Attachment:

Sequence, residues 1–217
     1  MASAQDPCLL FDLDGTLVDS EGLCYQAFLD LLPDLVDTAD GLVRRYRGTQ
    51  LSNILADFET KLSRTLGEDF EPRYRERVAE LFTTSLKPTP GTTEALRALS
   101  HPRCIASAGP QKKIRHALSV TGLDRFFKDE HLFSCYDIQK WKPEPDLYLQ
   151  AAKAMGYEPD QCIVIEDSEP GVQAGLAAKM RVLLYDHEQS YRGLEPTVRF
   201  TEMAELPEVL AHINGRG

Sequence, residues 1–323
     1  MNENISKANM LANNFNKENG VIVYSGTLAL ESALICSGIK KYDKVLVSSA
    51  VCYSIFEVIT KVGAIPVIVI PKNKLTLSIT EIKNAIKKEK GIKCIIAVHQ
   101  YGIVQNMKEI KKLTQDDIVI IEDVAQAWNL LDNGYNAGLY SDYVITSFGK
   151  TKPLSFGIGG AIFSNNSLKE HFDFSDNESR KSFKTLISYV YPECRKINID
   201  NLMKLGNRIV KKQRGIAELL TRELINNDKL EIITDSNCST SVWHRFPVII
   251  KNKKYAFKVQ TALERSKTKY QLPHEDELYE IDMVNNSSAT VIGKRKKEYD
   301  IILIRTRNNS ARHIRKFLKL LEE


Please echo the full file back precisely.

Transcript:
Sequence, residues 1–217
     1  MASAQDPCLL FDLDGTLVDS EGLCYQAFLD LLPDLVDTAD GLVRRYRGTQ
    51  LSNILADFET KLSRTLGEDF EPRYRERVAE LFTTSLKPTP GTTEALRALS
   101  HPRCIASAGP QKKIRHALSV TGLDRFFKDE HLFSCYDIQK WKPEPDLYLQ
   151  AAKAMGYEPD QCIVIEDSEP GVQAGLAAKM RVLLYDHEQS YRGLEPTVRF
   201  TEMAELPEVL AHINGRG

Sequence, residues 1–323
     1  MNENISKANM LANNFNKENG VIVYSGTLAL ESALICSGIK KYDKVLVSSA
    51  VCYSIFEVIT KVGAIPVIVI PKNKLTLSIT EIKNAIKKEK GIKCIIAVHQ
   101  YGIVQNMKEI KKLTQDDIVI IEDVAQAWNL LDNGYNAGLY SDYVITSFGK
   151  TKPLSFGIGG AIFSNNSLKE HFDFSDNESR KSFKTLISYV YPECRKINID
   201  NLMKLGNRIV KKQRGIAELL TRELINNDKL EIITDSNCST SVWHRFPVII
   251  KNKKYAFKVQ TALERSKTKY QLPHEDELYE IDMVNNSSAT VIGKRKKEYD
   301  IILIRTRNNS ARHIRKFLKL LEE